I have made no public comment on a number of topics that, it turns out, are some of the Most Important Things In American Politics. So, here are my thoughts about them. Let me know if I've left out anything else Super Important.
--Carrie Prejean. I'll admit I'm not an expert on the beauty pageant industry -- although I did see "Miss Congeniality" -- but it's always been my understanding that it's on the list of "things many people might enjoy, but that are only viable because of the interest of gay men."
Five of the current Supreme Court Justices hold JDs from Harvard Law, and with one of them -- David Souter -- now stepping down, thank goodness we have a Harvard Law man in the White House to ensure that the majority is retained. Right?
At least, that's what they've got to be thinking across the river in Cambridge these days.
--I'd look at this Globe poll as the public baseline. To my knowledge, it's consistent with what the Menino, Flaherty, and Yoon campaigns have been looking at internally, as where the electorate stands heading into the campaign. Now we all have it, and can watch to see how the numbers move during the campaign.
--This poll was taken at a favorable moment for Menino: just after he formally announced his candidacy and ran $100,000 worth of ads.
Arkansas Governor Mike Huckabee -- who I think could be a very good candidate -- has been so slow to gear up it's unclear whether he'll actually run. --1/14/07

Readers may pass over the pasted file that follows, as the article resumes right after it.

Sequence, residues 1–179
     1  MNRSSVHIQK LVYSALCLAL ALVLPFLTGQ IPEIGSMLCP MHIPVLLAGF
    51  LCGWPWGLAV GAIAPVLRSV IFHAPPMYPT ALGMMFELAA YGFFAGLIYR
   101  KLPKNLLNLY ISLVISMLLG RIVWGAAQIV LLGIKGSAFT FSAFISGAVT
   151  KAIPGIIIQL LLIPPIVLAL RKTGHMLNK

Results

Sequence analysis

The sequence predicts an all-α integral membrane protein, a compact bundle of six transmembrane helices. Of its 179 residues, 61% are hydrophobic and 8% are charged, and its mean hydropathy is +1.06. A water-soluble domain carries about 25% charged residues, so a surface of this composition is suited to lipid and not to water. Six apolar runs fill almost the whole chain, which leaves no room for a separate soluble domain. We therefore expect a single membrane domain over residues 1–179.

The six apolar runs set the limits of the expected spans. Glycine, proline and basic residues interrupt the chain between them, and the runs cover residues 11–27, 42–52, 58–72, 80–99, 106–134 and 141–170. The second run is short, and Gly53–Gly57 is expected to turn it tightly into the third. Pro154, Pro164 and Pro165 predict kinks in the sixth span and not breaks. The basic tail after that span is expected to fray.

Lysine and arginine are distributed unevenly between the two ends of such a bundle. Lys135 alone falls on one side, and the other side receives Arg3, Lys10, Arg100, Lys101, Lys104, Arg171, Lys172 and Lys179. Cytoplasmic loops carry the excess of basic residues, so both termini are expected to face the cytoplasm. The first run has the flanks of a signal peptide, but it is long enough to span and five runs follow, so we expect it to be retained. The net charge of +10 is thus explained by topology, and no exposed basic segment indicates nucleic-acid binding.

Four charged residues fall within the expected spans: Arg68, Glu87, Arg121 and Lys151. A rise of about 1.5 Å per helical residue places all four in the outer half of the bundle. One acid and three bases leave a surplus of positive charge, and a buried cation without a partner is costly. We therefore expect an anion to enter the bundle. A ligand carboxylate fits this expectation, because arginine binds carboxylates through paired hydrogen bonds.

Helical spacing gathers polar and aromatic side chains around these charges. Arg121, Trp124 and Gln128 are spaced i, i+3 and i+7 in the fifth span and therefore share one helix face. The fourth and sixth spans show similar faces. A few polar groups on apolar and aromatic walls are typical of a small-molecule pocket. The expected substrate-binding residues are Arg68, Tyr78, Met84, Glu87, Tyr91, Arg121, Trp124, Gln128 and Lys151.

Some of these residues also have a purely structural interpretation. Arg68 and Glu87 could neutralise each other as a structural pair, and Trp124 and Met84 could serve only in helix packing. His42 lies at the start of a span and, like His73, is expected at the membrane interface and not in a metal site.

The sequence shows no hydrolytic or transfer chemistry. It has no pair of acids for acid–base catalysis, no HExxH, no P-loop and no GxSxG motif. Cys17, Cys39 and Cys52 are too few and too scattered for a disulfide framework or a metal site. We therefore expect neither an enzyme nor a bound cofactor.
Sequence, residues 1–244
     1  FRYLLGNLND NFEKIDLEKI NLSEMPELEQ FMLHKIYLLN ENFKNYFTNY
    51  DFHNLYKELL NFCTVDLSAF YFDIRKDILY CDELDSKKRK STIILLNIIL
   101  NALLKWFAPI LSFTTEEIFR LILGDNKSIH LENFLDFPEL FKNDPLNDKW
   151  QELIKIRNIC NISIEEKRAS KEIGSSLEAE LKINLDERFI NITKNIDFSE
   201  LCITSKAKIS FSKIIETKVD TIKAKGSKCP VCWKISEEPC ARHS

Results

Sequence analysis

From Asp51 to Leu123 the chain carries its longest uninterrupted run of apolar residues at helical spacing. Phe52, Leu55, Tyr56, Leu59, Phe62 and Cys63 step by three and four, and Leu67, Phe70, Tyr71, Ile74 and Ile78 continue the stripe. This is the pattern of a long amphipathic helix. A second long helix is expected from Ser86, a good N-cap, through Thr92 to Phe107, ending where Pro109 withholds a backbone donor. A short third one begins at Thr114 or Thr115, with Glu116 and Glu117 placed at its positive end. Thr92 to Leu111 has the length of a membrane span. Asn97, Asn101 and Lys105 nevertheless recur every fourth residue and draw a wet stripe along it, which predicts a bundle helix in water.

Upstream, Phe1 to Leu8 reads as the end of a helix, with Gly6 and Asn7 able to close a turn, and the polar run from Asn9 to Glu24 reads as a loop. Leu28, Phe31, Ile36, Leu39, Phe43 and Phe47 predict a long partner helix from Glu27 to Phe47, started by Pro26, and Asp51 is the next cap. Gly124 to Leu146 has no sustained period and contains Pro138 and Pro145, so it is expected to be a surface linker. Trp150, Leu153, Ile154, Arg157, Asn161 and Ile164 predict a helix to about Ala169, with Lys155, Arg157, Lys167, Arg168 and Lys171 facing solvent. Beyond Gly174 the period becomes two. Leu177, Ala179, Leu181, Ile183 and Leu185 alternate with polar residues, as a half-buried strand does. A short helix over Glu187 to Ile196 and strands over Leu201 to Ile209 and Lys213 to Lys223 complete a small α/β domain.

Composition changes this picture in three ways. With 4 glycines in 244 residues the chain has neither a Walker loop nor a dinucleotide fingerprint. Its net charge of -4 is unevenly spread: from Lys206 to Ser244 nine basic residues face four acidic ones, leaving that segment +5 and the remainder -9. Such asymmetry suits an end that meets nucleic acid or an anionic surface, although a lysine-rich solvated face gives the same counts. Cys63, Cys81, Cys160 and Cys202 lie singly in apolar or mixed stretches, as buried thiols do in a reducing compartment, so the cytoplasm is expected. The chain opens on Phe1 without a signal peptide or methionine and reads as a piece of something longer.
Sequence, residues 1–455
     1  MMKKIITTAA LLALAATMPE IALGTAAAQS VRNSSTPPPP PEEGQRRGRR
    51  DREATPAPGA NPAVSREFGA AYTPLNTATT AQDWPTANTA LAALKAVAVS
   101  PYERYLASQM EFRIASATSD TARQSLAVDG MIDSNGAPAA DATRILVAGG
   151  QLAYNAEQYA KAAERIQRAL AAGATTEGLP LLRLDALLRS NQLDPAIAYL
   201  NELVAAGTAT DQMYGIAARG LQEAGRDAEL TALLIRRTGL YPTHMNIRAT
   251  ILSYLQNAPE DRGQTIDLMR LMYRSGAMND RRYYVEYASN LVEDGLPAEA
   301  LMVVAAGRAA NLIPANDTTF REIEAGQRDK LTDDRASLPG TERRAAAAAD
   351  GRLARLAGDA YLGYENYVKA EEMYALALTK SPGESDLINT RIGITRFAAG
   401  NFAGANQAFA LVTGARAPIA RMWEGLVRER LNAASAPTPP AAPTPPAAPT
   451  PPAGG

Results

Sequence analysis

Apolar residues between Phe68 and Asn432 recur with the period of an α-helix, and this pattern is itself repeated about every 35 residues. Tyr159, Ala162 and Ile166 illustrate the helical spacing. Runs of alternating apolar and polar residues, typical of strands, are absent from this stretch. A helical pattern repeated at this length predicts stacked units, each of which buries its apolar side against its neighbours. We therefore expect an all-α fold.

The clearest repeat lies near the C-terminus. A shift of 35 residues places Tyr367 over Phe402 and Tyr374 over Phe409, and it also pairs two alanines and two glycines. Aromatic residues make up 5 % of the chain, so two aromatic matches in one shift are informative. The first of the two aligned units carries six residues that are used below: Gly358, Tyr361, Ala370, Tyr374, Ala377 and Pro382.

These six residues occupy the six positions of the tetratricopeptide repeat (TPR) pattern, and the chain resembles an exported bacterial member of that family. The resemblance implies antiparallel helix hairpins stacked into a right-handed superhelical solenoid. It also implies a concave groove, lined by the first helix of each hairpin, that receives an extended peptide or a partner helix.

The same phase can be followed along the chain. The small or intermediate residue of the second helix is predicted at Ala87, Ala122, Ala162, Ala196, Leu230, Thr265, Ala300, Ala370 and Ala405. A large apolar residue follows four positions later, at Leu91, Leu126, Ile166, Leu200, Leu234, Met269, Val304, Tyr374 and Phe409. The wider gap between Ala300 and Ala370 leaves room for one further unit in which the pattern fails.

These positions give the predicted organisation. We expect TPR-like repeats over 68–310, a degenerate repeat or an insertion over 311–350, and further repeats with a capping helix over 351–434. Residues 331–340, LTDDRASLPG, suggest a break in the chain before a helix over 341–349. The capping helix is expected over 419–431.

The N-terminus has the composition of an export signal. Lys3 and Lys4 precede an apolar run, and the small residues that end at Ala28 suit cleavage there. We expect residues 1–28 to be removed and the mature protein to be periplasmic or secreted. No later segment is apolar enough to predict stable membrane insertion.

The incumbent, republican Norm Coleman, is beatable. I think Franken could be a more formidable general-election candidate than some think -- but he needs a vigorous primary challenge, to hone his campaigning skills and to convince people that he's a serious person.
In this week's issue of the Boston Phoenix -- in print tomorrow, online now -- I have an article about the energy/environment legislation working its way through Congress, and its potential for making long-term Democratic voters out of the Millennial Generation.
In particular, the GOP is likely to come across in the debate as stuck in another century, opposed to progress, and utterly irrational.
Maine Governor John Baldacci is holding a press conference now, or momentarily, at which he will reportedly announce that he will sign the recently-passed same-sex marriage bill into law.
Baldacci's intentions had been unknown, and the state legislature did not have enough votes to override a veto.
This will make Maine the fifth state in the US to legalize gay marriage.
Turns out that city councilor -- and current council president -- Michael Ross will not get a free pass this year after all. A challenger has signed up to run against him in District 8, which includes Back Bay, Beacon Hill, and Mission Hill.
Oscar T. Brookins, an economics professor at Northeastern University, and long-time Boston resident, has filed to run.
Odd that in political campaigns, nothing triggers more vapid posturing than the call for substantive debates. This afternoon is a big funhouse of such posturing, over who wants to be more substantive in the Boston mayoral election.
Everyone saw coming a mile away that Menino would get beat up for not wanting to participate in debates -- and with good reason, because Menino, as the cash-laden, high-polling incumbent, would gladly avoid debates if he could get away with it.
"The hospital room throbbed with undisguised rivalry" -- Andrew "Personality Parade" Klein must be writing about the Kennedys again!
Excerpt in new Vanity Fair here. Accurate? Whatever! Tell me more about who "avoided making eye contact with one another, as though the flying daggers would
wound." I'll be reading cover to cover.
--Dow Jones Industrial Average finished above where it was when Obama took office, finally joining the NASDAQ and S&P 500 in that regard. Remember when conservatives were screaming that the stock decline since inauguration was proof that he was screwing up the economy?
--I don't think GOP leaders quite understand the "big tent" concept.